Picture, if you will, a small liberal arts college. A feminist professor of literature. A white male undergraduate on an athletic scholarship. Unconscious bias kicked in yet?
Such unthinking assumptions form the central thread in Third, now playing at Redwood Curtain Theatre. The play, Wendy Wasserstein's last (it premiered just a few months before she died) catalogs the pitfalls we are all at risk of when we apply broad-brush stereotypes.
Laurie Jameson (Christina Jioras) is a 50-something professor who, having dominated her small feminist pond for several decades, is no longer able to see beyond the limits of her own belief system. When we first meet her, she is challenging her students to see King Lear not as a tragic victim but as a patriarchal oppressor watching over the "girlification" of Cordelia. Specifically, they are to attend a private showing of Jonathan Miller's 1982 film King Lear, which she takes pains to inform her audience she has been able to arrange through "personal connections."
One student is unable to attend that showing. That student is Woodson Bull III (Joey Lawrence), a white male on an athletic (in this case wrestling) scholarship and the "Third" of the title. Cue instant prejudice. A graduate of an exclusive prep school with a fancy name must be a Republican from a privileged background. A white male student on an athletics scholarship can't appreciate feminist approaches to literature. Oh, and the reason he can't attend the film showing? He has a wrestling match — the icing on the presumptive cake.
So, when Third turns in a scholarly analysis of King Lear that, in Jameson's eyes, is worthy of publication, her brain simply cannot process the idea that the work could have been produced by someone who wants to be a sports agent. She refers the matter to the college's academic standards committee, which sets in motion a train of events that will change the lives of everyone it touches.
Those others include Jameson's friend and fellow professor Nancy Gordon (Elisa Abelleira), who serves on that standards committee and is currently battling a recurrence of breast cancer. In her rush to be the supportive sister, she clumsily oversteps her bounds and is pushed away. Unfortunately, the only place else she has to go is home, where her younger daughter Emily (Cate Hatfield) is embarking on a teenage rebellion and threatening to move in with her boyfriend who works — shock, horror — in a bank.
Meanwhile, her father (Lincoln Mitchell) has embarked on a Lear-esque journey of his own into the lost and angry world of Alzheimer's disease, her unseen political science professor husband has become obsessed with weightlifting and she herself is bombarded by hot flashes. Nothing in Jameson's personal life seems to be within her control so she focuses all her insecurities on the one thing she can control: the fate of her students.
Jioras is a commanding presence as Professor Jameson. Whether she's asserting her academic credentials with Third, struggling to communicate with her ever-more-unreachable father, letting go of her daughter, invading her closest friend's personal privacy or admitting to her therapist that she's jealous of Nancy for having something to hang her anxiety on, she brings a personal touch to Jameson's inner conflicts that's remarkably affecting. Joey Lawrence is the perfect foil as Third, cocksure as only a good-looking graduate of an elite prep school can be, yet still vulnerable to the hurt of unwarranted criticism and weary of being stereotyped as a jock.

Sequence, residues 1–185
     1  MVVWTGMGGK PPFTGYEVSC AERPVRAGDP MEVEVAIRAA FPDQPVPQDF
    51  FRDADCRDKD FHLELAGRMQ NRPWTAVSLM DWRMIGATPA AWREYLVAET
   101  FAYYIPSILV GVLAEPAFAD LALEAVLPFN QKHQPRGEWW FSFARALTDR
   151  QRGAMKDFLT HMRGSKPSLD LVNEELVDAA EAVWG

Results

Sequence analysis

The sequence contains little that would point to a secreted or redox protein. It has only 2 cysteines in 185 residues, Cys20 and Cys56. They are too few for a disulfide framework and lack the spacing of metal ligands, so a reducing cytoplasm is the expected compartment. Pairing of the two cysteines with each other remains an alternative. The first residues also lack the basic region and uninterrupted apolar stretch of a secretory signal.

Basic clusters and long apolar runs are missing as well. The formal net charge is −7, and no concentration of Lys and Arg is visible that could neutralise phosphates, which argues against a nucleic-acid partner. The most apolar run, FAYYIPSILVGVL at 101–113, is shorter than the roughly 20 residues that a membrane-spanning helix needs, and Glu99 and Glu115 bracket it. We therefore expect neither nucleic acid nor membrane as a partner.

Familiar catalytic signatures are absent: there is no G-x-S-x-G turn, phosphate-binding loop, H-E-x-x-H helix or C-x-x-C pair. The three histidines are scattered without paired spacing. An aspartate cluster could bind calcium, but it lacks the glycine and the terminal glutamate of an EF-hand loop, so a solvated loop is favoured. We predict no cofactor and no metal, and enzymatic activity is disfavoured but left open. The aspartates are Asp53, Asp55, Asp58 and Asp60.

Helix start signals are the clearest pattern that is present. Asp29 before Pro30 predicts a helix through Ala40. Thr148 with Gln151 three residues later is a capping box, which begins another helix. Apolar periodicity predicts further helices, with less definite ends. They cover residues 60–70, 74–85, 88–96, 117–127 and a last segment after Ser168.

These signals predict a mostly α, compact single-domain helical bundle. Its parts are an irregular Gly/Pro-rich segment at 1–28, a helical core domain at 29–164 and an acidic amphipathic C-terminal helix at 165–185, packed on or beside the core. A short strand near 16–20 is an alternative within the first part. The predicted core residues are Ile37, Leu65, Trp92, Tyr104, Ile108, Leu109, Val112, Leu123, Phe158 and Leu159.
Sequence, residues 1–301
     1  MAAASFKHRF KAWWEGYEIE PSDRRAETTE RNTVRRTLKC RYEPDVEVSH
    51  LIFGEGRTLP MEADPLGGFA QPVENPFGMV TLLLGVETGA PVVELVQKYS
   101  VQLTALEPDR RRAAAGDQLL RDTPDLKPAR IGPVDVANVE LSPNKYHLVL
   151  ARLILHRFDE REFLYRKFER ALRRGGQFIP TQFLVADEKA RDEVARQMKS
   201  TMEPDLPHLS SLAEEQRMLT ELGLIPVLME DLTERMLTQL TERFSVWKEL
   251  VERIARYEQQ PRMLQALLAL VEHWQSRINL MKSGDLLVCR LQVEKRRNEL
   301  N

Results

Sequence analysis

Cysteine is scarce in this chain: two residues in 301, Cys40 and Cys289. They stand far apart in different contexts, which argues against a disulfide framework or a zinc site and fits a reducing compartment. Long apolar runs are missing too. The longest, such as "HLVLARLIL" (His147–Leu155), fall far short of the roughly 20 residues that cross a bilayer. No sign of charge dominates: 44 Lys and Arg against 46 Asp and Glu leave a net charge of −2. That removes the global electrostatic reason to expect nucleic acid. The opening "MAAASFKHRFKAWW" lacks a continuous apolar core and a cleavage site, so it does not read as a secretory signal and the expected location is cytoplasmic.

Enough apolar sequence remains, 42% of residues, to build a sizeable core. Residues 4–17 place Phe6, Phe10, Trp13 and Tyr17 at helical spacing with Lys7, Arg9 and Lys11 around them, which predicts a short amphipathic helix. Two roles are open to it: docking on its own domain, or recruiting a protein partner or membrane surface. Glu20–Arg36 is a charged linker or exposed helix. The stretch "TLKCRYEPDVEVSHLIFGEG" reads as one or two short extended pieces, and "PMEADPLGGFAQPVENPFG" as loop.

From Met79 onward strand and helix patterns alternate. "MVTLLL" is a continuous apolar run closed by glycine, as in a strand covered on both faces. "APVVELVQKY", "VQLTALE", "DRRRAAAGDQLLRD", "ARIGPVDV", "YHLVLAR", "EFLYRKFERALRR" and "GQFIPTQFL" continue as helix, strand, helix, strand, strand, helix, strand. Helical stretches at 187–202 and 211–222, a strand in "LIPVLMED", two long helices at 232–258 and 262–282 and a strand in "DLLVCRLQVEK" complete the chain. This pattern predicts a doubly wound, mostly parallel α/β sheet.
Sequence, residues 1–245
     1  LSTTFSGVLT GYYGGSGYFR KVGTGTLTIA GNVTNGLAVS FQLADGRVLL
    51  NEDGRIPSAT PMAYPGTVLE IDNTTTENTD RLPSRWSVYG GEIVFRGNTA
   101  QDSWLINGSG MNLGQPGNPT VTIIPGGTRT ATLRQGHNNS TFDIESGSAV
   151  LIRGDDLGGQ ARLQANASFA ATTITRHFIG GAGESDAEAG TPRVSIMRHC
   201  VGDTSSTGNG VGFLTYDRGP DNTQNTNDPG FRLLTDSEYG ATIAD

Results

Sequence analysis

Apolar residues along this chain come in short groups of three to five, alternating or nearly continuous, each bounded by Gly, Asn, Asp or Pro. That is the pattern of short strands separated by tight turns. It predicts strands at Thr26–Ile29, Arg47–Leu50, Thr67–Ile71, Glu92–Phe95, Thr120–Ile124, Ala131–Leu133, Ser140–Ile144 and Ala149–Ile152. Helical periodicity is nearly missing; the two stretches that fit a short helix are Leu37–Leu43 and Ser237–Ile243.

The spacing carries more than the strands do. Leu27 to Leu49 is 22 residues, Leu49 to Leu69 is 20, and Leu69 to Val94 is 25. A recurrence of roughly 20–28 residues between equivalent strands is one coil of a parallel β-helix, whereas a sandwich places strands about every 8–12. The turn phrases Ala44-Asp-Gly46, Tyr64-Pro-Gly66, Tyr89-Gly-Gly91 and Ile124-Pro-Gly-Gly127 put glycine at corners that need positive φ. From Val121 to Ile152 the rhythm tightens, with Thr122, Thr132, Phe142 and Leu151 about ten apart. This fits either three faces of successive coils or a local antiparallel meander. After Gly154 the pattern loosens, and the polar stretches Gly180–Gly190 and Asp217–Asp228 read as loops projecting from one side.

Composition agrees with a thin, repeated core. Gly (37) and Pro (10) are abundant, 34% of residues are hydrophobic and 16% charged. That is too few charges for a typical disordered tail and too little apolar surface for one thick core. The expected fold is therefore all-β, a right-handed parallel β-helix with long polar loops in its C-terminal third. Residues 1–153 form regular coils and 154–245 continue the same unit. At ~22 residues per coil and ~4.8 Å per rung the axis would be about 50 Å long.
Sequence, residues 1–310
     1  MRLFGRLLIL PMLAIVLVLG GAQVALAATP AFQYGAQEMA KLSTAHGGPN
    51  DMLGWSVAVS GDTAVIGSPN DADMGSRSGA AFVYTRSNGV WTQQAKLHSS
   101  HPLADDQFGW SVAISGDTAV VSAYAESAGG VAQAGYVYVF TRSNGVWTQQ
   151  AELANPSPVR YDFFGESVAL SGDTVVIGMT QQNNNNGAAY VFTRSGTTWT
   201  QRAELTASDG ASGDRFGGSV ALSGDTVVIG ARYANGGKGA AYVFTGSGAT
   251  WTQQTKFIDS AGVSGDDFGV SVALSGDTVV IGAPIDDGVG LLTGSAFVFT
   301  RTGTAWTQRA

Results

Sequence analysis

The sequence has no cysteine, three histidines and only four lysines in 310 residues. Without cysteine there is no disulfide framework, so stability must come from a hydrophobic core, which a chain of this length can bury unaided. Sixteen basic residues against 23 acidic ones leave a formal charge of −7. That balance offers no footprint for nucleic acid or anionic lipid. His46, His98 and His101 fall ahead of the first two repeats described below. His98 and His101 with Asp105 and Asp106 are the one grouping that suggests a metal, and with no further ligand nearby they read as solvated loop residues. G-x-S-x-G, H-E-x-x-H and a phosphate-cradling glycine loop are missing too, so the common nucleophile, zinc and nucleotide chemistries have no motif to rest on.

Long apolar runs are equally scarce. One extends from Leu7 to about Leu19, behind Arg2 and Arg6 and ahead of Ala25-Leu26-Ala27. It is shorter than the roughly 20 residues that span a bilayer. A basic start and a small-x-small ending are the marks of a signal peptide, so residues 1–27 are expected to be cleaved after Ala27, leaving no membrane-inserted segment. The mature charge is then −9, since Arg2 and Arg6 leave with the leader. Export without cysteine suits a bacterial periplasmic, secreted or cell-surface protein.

Elisa Abelleira is convincing as Nancy Gordon — likely a surrogate for Wasserstein herself — whose sardonic wit gets her through the rigors of cancer treatment and whose own academic standards set her on a collision course with her friend. Lincoln Mitchell delivers a bravura performance as Jack Jameson, trying desperately to cling to what remains of himself and reveling in his ever-fewer moments of lucidity. Cate Hatfield, in her Redwood Curtain debut, is every teenage girl who's ever tried to become her own person in the face of a strong-willed mother.
The scenic design by Jaren Sorenson, lighting design by Justin Takata and Juan Carlos Contreras, costume design by Bethany Lamoureux and sound design by Bayley Brown all come together seamlessly to convey the feel of a small college town — as they should, given our own local model. Justin Takata's direction makes clever use of Redwood Curtain's challenging space, effectively bringing the audience inside the production; the shifting between scenes was uneven and overly long in the preview I attended, but this should settle down over the course of the run.
The play itself is not perfect — Professor Jameson's diatribes teeter on the edge of caricature and the short scenes don't always allow the protagonists' positions to fully develop — but it is a timely reminder to all of us to open the echo-chamber door and take the time to listen to viewpoints other than our own.
Redwood Curtain Theatre's production of Third plays through May 20. Call 443-7688 or visit www.redwoodcurtain.com.
Ferndale Repertory Theatre takes on the musical adaptation of Disney's Beauty and the Beast starting May 5 and running through June 4. Call 786-5483 or visit www.ferndalerep.org.
More fairytale magic is in store at the Arcata Playhouse when the Mandarin folktale The Frog Prince leaps on stage courtesy of Portland's Tears of Joy Puppet Theater on May 5 and 6. Call 822-1575 or visit www.arcataplayhouse.org.